Ceridian-UCLA Pulse of Commerce Index up 1.0 percent in June

Evidence regarding the uneven economic recovery remains apparent, according to the most recent results of the June edition of the Ceridian-UCLA Pulse of Commerce Index (PCI) Index.

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Evidence regarding the uneven economic recovery remains apparent, according to the most recent results of the June edition of the Ceridian-UCLA Pulse of Commerce Index (PCI) Index.

The PCI was up 1.0 percent in June, following consecutive declines in April and May. This was the second month in 2011 it showed growth, with March up 2.7 percent being the other, and it has been down 7 of the last 12 months. On an annual basis, June was up 2.0 percent and May was flat, marking the first time in 16 months the PCI did not see annual growth.

The PCI, according to Ceridian and UCLA, is based on an analysis of real-time diesel fuel consumption data from over-the-road trucking and is tracked by Ceridian, a provider of electronic and stored value card payment services. The PCI data is accumulated by analyzing Ceridian’s electronic card payment data that captures the location and volume of diesel fuel being purchased by trucking companies. It is based on real-time diesel fuel purchases using a Ceridian card by over the road truckers at more than 7,000 locations across the United States.

The PCI also closely tracks the Federal Reserve’s Industrial Production data as well as GDP growth. For June, it is calling for industrial production to be up 0.17. The Fed’s number will be released on July 15. Ceridian officials said that May was the fourth time in the previous five months leading up to it that the PCI forecast for industrial production was “right in line” with the government’s data.

“Over the past year the U.S. economy has been in ‘she loves me, she loves me not’ mode,” said Ed Leamer, chief PCI economist and director of the UCLA Anderson Forecast, in a statement. “Bad news has been alternating with good, leaving investors and forecasters nervous and unable to identify sustainable trends.”

And over the last seven months Leamer pointed out that GDP and payrolls have shown wobbly growth, failing to drive a real recovery or reduction in the unemployment rate.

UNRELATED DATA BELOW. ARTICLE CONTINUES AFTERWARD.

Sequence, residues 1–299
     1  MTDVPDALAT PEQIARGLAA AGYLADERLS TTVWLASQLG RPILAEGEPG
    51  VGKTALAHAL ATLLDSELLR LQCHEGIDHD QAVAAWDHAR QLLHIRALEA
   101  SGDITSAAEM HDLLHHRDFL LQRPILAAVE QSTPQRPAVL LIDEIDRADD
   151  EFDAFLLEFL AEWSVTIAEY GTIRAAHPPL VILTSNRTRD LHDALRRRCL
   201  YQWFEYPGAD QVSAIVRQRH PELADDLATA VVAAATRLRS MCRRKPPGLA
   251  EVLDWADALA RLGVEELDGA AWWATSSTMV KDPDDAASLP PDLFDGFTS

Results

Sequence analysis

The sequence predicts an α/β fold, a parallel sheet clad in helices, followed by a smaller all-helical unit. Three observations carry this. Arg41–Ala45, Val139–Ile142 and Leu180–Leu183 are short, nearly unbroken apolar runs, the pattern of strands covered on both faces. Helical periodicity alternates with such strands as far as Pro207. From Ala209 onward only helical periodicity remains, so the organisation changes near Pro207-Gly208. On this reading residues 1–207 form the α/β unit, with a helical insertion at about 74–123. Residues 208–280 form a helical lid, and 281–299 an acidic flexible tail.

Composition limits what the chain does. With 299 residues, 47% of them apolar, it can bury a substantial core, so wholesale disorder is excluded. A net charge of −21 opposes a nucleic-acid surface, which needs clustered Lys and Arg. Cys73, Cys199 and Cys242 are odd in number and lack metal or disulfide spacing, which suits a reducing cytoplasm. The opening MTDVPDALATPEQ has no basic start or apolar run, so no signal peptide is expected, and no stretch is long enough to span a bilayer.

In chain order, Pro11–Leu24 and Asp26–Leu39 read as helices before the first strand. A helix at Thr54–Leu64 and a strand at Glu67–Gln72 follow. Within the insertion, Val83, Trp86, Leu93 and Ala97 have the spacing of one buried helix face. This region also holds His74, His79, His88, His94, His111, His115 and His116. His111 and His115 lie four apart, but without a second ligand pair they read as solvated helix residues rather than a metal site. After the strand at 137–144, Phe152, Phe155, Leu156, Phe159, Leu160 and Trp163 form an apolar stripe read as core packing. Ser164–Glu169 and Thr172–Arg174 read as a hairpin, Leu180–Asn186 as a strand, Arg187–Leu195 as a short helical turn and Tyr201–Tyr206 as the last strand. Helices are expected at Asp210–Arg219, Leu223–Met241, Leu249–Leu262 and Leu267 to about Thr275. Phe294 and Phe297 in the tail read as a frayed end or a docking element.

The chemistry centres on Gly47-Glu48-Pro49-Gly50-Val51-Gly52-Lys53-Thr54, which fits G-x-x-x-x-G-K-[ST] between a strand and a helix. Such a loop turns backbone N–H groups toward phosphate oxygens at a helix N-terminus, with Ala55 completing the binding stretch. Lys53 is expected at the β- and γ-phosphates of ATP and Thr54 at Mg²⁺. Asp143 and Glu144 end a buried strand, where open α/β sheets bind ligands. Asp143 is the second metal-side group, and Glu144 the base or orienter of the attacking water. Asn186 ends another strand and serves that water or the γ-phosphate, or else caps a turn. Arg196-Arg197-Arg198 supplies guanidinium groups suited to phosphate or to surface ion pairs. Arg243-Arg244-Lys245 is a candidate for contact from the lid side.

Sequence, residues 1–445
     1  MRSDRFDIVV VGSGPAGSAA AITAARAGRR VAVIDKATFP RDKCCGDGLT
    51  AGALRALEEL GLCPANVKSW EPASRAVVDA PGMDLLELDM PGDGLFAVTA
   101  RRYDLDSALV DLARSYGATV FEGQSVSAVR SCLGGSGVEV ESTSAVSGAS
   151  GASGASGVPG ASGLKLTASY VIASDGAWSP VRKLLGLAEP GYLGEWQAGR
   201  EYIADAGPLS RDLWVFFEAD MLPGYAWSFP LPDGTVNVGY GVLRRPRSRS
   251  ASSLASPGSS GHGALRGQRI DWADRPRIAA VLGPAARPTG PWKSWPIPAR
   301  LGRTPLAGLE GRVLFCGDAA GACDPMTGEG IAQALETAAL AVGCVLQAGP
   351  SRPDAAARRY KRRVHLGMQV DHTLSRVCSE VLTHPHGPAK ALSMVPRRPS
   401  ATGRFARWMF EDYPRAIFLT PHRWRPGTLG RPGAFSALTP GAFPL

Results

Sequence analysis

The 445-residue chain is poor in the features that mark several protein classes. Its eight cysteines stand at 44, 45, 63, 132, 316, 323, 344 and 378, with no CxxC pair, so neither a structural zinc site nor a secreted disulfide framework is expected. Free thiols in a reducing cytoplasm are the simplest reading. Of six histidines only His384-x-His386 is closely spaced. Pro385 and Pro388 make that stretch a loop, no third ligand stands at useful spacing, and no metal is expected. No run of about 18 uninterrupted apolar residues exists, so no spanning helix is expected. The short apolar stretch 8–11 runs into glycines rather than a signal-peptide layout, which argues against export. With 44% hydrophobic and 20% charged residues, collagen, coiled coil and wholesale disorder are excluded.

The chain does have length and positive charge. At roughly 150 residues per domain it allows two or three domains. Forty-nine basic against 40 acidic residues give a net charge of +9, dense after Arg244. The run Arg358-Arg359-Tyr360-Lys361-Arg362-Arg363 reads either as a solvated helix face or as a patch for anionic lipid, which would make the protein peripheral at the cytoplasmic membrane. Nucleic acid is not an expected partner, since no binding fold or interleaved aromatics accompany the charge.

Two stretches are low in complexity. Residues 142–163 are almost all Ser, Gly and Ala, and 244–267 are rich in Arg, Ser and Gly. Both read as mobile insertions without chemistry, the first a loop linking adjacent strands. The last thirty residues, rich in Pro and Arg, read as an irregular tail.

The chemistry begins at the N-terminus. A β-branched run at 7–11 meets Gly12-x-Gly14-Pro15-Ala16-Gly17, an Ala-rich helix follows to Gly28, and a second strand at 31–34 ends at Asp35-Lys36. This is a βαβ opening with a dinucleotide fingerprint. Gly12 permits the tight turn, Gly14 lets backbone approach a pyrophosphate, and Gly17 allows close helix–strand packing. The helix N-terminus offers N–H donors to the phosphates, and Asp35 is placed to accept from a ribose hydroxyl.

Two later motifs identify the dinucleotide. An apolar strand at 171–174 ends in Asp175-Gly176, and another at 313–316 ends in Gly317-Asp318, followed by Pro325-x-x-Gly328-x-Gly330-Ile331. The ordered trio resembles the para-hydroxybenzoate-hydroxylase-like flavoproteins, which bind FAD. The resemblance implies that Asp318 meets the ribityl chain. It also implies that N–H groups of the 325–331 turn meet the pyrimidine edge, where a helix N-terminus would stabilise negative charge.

While this month’s 1.0 percent increase in the PCI could be the start of a positive trend, he said it is too early to tell, given the many false starts experienced over the last year which could spell ongoing uncertain economic growth.

As LM has reported, the renewed economic slowdown appears to be gaining traction in recent weeks, as evidenced by flattish retail sales, a still-struggling housing market, and high gasoline prices, which have seen some moderation in recent weeks but are still up roughly $1.00 year-over-year.

While growth in June provides optimism, the rollercoaster ride for the PCI remains intact, said Todd Dooley, Ceridian senior vice president of finance, in an interview.

“It is still a very choppy ride in the economy,” he said. “We still see GDP growth at 1.5-to-2 percent. Until more people get back to work, unemployment is not going to materially change, which means the economy will continue to have these fits and starts.”

On a more positive note, Dooley said that the second half of 2010 saw PCI numbers soften up from the first half, which was buoyed by inventory replenishment. This, he said, should lead to easier annual comparisons for the second half of this year. If June levels hold, Dooley said the second half could be positive in terms of growth.


About the Author

Jeff Berman, Group News Editor
Jeff Berman is Group News Editor for Logistics Management, Modern Materials Handling, and Supply Chain Management Review. Jeff works and lives in Cape Elizabeth, Maine, where he covers all aspects of the supply chain, logistics, freight transportation, and materials handling sectors on a daily basis. Contact Jeff Berman

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